The man who overthrew Mali’s president in 2012, former Gen. Amadou Haya Sanogo, will no longer stand trial on charges he had 21 soldiers killed after a failed counter-coup that same year, an appeals court ruled Monday.
The association representing the victims’ families declined to comment on the decision, which follows a 2018 law aimed at fostering reconciliation in Mali. However, one woman who had pushed for criminal charges in connection with the 2012 violence said she now will press for the International Criminal Court to pursue a case against Sanogo.
This decision is a disgrace for Malian justice, said Marima Soumare, who filed a complaint against the junta for kidnapping and rape during the events of 2012. We cannot let someone go who killed his brothers in arms and raped women with impunity.
The Malian government has said it will compensate the victims’ families with housing and financial reparations based on the victim’s rank, ranging from 15 million CFA ($27,285) to 40 million CFA ($72,760). The victims’ minor children will also be considered wards of the state under the deal.
Human rights groups have decried the long quest for justice for the victims, whose bodies were found in a mass grave. The government of the West African nation, though, had expressed concern that the trial could inflame tensions in the already volatile country.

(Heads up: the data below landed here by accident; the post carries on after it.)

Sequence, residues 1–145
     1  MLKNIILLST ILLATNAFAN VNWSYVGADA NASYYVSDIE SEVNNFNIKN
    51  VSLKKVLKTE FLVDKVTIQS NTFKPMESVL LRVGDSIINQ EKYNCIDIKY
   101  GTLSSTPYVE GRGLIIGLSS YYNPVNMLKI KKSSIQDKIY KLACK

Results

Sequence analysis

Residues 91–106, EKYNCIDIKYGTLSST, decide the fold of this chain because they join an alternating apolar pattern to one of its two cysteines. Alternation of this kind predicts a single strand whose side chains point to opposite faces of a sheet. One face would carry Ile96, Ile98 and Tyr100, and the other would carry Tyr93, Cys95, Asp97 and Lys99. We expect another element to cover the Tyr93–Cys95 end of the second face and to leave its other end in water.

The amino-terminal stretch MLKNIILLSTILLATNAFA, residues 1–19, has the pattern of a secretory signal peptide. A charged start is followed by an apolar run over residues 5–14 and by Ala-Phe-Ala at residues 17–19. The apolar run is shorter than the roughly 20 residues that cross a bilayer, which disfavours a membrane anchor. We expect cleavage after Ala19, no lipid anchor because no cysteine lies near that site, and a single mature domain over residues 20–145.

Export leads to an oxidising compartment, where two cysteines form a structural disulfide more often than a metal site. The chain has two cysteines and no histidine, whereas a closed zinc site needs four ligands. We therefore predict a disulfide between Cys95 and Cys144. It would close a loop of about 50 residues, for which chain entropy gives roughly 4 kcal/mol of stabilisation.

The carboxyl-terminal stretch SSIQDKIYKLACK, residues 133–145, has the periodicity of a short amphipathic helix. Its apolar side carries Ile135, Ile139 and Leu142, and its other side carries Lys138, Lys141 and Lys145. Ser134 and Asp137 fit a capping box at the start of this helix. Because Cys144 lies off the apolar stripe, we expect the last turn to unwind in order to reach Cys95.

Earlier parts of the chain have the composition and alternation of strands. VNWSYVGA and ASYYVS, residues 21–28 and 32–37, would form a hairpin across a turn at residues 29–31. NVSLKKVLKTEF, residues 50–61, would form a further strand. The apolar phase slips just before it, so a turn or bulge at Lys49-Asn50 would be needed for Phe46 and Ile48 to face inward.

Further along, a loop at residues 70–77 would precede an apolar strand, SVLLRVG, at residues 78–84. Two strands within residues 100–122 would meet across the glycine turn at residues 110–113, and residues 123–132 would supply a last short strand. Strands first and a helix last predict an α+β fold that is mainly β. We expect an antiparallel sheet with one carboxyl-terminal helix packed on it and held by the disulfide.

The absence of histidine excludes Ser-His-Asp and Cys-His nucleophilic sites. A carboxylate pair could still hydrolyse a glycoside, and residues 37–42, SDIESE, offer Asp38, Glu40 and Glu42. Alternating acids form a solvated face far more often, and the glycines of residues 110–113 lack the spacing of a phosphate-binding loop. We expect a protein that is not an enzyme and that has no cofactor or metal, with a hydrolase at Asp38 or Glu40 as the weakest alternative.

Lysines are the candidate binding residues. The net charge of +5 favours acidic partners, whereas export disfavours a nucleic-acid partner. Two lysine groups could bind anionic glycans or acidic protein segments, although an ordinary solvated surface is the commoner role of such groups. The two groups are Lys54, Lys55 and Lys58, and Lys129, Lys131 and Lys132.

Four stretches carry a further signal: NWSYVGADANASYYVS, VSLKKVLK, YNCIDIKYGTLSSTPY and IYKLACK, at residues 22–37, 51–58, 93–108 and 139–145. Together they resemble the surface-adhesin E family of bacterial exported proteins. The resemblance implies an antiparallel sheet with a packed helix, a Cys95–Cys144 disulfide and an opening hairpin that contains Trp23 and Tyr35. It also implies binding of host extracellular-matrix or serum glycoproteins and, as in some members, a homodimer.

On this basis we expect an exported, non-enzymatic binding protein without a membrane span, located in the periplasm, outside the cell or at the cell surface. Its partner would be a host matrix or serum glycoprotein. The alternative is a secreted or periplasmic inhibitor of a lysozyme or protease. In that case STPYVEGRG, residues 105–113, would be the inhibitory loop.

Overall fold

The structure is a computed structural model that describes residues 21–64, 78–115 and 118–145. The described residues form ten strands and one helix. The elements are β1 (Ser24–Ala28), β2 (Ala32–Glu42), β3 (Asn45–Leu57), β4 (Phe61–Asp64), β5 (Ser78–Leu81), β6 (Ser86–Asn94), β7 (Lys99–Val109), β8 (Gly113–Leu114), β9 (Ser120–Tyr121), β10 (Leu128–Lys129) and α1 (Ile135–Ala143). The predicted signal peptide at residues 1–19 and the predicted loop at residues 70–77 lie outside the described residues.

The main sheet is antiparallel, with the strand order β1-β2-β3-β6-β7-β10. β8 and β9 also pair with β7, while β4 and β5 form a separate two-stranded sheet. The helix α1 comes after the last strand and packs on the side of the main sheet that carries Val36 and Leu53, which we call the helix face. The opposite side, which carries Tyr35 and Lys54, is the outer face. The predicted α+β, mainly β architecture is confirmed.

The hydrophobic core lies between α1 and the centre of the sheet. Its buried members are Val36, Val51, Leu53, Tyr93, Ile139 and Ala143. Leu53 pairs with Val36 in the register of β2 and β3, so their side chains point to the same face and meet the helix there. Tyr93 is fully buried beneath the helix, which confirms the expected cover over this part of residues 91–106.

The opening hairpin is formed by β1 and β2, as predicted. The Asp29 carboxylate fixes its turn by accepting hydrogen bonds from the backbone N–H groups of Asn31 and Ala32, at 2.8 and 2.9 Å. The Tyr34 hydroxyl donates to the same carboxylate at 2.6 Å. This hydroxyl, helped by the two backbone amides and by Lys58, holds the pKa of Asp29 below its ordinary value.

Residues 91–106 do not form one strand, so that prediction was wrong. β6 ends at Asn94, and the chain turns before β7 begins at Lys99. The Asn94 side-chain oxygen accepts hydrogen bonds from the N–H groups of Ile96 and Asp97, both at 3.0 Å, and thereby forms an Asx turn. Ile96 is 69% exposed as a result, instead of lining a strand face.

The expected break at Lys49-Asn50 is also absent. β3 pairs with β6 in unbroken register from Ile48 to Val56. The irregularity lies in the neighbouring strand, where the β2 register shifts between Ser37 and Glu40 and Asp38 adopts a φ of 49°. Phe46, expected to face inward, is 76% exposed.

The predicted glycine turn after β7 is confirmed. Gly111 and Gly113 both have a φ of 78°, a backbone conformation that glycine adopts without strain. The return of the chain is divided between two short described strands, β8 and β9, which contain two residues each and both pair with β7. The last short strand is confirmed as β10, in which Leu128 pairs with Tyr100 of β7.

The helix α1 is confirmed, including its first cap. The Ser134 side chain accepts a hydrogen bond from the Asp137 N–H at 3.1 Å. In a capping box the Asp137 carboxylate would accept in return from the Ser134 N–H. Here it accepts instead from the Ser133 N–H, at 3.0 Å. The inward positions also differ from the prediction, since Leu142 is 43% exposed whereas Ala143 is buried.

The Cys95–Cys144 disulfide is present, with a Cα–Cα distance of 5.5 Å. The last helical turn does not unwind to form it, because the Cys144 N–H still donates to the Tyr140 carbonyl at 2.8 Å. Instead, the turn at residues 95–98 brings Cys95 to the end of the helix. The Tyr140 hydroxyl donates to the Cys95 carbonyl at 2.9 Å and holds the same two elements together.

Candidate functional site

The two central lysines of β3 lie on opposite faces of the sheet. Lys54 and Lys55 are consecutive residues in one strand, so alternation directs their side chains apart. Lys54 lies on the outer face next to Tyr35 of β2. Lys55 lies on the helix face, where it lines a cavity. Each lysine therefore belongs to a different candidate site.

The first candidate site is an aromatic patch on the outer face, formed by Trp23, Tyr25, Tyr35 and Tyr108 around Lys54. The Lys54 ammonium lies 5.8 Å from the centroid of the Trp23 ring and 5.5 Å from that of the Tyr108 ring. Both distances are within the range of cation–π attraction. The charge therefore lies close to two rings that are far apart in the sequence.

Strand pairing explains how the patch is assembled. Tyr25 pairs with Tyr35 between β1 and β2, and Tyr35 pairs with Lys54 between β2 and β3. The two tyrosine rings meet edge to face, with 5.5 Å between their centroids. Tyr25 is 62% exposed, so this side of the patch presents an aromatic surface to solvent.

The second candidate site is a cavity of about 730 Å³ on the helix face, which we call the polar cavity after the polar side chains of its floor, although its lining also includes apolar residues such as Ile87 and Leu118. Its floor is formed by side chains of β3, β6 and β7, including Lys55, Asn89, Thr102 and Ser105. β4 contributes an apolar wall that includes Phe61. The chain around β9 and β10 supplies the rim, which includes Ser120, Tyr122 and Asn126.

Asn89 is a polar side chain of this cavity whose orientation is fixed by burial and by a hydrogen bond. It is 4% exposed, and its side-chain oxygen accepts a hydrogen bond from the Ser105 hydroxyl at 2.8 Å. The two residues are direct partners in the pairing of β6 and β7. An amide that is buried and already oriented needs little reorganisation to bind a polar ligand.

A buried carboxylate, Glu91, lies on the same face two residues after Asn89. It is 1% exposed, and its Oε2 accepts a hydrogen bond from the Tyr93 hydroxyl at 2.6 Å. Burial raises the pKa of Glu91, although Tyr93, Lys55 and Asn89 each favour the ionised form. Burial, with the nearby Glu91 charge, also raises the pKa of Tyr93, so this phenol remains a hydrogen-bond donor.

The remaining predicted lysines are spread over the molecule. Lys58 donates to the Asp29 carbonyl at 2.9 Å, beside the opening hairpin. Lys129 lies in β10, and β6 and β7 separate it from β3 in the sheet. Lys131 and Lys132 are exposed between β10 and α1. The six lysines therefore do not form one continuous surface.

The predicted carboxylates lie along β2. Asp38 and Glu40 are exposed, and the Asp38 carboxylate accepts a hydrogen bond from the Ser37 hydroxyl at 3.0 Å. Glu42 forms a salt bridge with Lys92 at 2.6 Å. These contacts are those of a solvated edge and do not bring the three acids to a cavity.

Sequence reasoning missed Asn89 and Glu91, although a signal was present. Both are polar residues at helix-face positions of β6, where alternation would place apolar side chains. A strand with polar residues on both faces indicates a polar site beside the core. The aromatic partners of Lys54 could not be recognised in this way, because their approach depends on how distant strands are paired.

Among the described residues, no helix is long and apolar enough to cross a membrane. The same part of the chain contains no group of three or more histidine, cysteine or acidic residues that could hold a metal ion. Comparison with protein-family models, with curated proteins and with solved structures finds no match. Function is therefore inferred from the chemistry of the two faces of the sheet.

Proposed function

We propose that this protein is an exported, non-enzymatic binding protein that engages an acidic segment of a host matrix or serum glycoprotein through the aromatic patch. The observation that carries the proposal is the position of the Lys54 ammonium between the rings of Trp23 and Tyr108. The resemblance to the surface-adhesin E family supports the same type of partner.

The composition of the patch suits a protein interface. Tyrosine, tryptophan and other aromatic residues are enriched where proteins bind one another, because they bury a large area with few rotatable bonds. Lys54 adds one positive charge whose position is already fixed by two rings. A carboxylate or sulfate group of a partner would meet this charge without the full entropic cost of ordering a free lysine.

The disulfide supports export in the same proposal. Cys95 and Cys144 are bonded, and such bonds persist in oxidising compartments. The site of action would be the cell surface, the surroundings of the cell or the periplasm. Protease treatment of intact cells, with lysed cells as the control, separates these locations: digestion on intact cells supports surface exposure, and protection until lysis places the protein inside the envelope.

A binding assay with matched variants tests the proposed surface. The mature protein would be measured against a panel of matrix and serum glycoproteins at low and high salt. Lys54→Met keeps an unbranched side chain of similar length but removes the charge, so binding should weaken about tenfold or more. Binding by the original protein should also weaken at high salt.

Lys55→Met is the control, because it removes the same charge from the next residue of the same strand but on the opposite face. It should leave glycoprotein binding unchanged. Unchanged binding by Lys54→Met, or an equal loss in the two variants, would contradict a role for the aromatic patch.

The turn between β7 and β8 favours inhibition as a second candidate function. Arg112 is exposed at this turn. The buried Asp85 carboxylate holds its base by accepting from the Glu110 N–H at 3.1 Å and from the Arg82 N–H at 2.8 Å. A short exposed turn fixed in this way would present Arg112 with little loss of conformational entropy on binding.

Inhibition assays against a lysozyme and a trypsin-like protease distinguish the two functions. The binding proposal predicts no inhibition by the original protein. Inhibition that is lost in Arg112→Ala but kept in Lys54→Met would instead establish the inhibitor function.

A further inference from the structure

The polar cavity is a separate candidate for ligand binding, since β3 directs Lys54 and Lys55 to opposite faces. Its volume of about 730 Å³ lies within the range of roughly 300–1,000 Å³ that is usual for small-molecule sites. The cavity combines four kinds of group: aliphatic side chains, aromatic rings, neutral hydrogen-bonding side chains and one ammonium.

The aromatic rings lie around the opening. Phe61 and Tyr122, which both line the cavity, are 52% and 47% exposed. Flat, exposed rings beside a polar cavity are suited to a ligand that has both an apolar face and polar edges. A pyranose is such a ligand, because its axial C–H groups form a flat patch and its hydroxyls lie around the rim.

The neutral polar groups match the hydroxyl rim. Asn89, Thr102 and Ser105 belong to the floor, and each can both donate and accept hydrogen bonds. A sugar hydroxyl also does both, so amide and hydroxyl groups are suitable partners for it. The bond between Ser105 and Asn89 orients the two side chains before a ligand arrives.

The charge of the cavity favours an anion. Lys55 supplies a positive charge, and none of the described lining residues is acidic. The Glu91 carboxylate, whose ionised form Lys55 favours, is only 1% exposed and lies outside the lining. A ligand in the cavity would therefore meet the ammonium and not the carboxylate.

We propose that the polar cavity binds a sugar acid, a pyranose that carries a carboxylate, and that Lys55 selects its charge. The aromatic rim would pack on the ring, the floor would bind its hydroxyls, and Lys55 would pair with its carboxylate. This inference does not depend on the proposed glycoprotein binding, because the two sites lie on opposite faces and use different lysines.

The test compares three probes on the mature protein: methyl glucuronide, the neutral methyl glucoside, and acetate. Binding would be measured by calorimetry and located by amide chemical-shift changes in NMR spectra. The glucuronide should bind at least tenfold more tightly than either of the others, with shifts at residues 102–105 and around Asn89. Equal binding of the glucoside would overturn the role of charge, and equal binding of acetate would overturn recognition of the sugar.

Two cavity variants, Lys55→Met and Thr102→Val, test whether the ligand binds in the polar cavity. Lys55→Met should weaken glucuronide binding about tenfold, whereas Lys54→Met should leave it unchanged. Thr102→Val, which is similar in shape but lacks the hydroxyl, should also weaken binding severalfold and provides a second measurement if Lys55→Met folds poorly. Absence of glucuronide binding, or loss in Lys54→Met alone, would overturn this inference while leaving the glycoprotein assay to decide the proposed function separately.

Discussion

Sanogo and his co-defendants did not go on trial until late 2016 and then the case was swiftly adjourned. The trial was supposed to start up again in 2020 but no date was then set for it to resume and Sanogo was released from custody.
Witnesses have told Human Rights Watch that they last saw the soldiers — bound and blindfolded — being loaded onto a truck in the middle of the night. One witness later provided the group with a handwritten list of the victims’ names.
The political upheaval of Mali’s 2012 coup and the ensuing power vacuum paved the way for Islamic extremists to further their grip in the country’s north, a crisis that has spread to central Mali and has spilled over into neighboring Burkina Faso.
At the time of the coup, Sanogo was backed by the rank-and-file soldiers who marched on the presidential palace and toppled President Amadou Toumani Toure. Sanogo, though, was opposed by the elite paratroopers known as the Red Berets who made up the ousted president’s guard. When they attempted to lead a counter-coup the following month, human rights groups say Sanogo responded with force.
The counter-coup ultimately failed, though Sanogo later handed over power to a transitional civilian government and left after negotiating for a salary to be given to him as a former head of state.